A bid to take on an area of land to be used by the community, including for a new Scout hut, is set to move forward with two applications going in this week.
Parish councillors have agreed that the application for an asset transfer, for part of the former school farm field, next to the Glendale Middle School playing fields, should be submitted alongside a pre-application planning document for the change of use of the land.
The latter will cost around £300, but Coun Anthony Murray said: “I do think a pre-app is value for money, because you could go back and forth with the planning application if you don’t get it right.”
As reported at last month’s meeting, the grant of a long-term lease for the land requires the parish council to draw up a business plan.
• The future of Wooler’s youth drop-in, which it was feared could fold, is looking much rosier after more funding was sourced.
Chairman of trustees, Guy Richardson, told the parish council that the service can run for at least another year after landing £10,000 from the Northumberland Children’s Trust and £3,000 from the Rural Youth Fund, both of which are administered by the county council.
A bid has gone into the EDF Barmoor windfarm fund to run an outreach programme, while an award from the High Sheriff backed by the Rotary Club will be used for an outside visit, organised by the young people themselves.
There are also three applications going through the Community Foundation system for £10,000 each.
• Retired police officer, Mark Lynn, attended the meeting to thank the parish council and the Wooler community for their support after being awarded the High Sheriff’s Cup. He served in the police for 30 years, including five at Wooler.
Meanwhile, PC Daniel Perry told the meeting that there had been three crimes in the parish in the past month – a public order offence; damage to a premises on High Street, which had been dealt with; and a burglary, which is still being investigated by CID. He also issued a warning about doorstep sellers.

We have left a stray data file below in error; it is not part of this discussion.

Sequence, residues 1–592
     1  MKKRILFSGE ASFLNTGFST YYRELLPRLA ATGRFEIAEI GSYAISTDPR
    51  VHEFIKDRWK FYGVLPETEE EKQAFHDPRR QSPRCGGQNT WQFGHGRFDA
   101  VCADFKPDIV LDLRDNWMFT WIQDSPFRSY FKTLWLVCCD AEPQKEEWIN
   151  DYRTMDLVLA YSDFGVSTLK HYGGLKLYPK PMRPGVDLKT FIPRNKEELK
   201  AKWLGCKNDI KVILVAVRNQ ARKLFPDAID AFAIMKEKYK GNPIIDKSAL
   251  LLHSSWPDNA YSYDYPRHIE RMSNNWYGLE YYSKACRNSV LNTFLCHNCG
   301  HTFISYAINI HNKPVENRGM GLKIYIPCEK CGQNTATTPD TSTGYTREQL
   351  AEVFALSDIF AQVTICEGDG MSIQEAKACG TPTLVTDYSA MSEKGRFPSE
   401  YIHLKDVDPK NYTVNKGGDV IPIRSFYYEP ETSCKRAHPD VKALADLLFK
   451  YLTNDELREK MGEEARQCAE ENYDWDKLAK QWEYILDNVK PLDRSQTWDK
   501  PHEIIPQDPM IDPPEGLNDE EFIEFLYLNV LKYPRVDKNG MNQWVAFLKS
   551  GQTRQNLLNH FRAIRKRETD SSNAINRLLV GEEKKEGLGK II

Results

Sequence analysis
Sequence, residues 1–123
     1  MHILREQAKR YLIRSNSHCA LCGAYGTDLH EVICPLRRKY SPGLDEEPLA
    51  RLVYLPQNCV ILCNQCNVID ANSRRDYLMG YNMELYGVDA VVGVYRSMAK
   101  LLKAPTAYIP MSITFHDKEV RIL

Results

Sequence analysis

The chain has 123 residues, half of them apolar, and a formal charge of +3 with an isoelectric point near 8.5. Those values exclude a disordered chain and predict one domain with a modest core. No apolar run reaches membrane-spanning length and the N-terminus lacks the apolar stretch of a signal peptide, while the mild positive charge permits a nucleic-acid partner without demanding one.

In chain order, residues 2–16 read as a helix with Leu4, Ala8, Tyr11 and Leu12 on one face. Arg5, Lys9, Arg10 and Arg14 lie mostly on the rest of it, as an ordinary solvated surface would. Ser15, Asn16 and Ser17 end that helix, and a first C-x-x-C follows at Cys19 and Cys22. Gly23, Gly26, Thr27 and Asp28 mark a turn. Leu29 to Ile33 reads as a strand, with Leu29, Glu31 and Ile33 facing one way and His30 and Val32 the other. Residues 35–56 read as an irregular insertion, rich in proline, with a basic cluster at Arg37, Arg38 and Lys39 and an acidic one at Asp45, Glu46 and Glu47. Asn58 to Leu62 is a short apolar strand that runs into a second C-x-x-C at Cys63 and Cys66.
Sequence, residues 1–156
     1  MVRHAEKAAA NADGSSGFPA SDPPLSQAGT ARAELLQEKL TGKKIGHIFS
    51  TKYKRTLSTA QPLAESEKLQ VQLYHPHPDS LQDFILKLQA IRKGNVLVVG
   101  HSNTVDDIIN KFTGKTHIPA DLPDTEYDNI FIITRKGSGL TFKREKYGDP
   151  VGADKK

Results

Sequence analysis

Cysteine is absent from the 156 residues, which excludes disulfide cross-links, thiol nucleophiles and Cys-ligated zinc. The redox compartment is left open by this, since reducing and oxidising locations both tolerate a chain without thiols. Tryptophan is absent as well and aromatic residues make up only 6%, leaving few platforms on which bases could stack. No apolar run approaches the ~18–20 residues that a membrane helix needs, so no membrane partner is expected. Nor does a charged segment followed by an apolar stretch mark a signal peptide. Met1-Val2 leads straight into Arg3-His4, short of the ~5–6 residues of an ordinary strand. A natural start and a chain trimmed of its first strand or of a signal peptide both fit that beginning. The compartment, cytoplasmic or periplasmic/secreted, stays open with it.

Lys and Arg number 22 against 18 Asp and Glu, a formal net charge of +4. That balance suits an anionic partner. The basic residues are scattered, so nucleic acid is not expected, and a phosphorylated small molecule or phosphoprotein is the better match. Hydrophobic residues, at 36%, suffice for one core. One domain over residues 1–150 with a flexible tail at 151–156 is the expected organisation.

• Members are frustrated that wagons continue to park on the pavements, which have just been relaid. The parish council has already written to traders and other suggestions were made, but Coun Michael Aitchison said: “They (the drivers) couldn’t care less.”
• A contractor on behalf of the Environment Agency has cleared the rubbish from the gravel island in Wooler Water. It was said that further work to trees is set to take place, but members are doubtful that the gravel island will be removed as they have raised it for years.
• The public toilets at the bus station have been cleaned thoroughly with broken and missing items replaced. The guttering has also been tackled. The county council has provided paint and the parish council plans to repaint the interior of the facilities.
• Councillors heard that the Men in the Shed project, originally set up as a RVS scheme at Haugh Head, now has funding for another year. Sessions are held three times a week. Despite its name, it is now open to women as well and has several female members already.
• The aim is to draw a line under previous issues and hold another meeting with Katherine Dunn to discuss her plans to brighten up the High Street with planters and window boxes. There was some bad blood after a recent meeting, causing a row at Monday’s meeting.